I knew things were bad at Delaware Met. I knew things I was unable to confirm officially. But the reality, and other things I didn’t know about…
Below are just a few of the things said during Delaware Met’s final formal review meeting with the Charter School Accountability Committee on 12/1/15. This is a must-read! If you ever want to open a school, I would highly recommend doing the opposite of what Delaware Met did, and you should do great! Below these quotes is the full meeting notes.
Ms. Ogden also noted that the school was not prepared for the unannounced monitoring visit, as there were active files on the table and a flash drive was lost in the first room the DDOE staff monitored. She also added that, during the DDOE monitoring visit, an event occurred which set off the fire alarm and resulted in evacuation from the building and no access to the special education resource room on the second floor where the active special education files were stored. Ms. Ogden stated that “the second floor was condemned.”
She added that the lessons plans are for middle school, more specifically early middle school, although The Delaware Met is a high school.
Mr. Blowman commented that the School Leader should be able to go out on maternity leave without the school falling apart. He noted that these issues point to massive weaknesses in the school’s organizational model.
Ms. Nagourney requested clarification whether the Board took action during meetings that were not publicly noticed.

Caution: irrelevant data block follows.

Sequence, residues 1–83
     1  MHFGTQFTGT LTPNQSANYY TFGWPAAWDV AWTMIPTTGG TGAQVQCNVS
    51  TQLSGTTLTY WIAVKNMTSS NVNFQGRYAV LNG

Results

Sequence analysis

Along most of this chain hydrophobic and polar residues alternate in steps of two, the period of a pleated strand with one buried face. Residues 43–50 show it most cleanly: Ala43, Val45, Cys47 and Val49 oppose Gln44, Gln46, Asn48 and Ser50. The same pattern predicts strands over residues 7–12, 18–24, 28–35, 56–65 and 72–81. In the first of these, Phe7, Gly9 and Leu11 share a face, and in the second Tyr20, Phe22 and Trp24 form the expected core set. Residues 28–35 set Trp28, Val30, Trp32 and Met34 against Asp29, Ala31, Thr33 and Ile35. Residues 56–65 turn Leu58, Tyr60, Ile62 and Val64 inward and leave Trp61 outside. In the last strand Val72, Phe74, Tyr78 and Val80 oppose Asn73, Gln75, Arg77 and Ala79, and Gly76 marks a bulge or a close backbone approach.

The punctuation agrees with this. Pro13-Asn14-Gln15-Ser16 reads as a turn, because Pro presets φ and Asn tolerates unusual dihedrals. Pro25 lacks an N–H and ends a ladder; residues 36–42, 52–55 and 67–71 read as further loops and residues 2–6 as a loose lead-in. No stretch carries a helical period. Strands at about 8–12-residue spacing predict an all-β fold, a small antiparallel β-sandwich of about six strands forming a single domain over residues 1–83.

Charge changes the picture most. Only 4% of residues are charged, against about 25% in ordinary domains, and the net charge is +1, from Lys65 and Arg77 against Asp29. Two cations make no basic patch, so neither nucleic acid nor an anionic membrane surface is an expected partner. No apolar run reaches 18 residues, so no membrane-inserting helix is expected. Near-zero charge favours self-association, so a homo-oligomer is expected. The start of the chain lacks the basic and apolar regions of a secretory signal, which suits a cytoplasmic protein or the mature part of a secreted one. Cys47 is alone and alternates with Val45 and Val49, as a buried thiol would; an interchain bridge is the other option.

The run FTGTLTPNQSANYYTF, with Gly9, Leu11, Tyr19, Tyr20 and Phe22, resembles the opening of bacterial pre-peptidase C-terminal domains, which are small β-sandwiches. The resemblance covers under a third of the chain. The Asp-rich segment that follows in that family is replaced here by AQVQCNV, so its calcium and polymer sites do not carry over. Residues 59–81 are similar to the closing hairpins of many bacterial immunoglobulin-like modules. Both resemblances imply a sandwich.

Ms. Massett said that wanted the record to reflect that the school did not reach out to the charter community for assistance.
She specifically noted that the list stated that a bullet was found in one of the classrooms and asked the school why it did not contact the police in that instance.
She indicated that she was fearful about safety in the school when reading about BB guns and tasers.
However, she expressed disappointment that the school listed two calls for severe student disruption despite seven different instances leading to nine arrests being listed in the information provided by WPD.
She identified several incidents, including a student’s hair being set on fire, an assault, weapons being brought to the school, near riots, and threats toward staff members as severe disruptions.
And when a school fails to meet multiple standards and fails to create a safe and appropriate environment in which students can thrive, it warrants serious action.
The motion carried unanimously.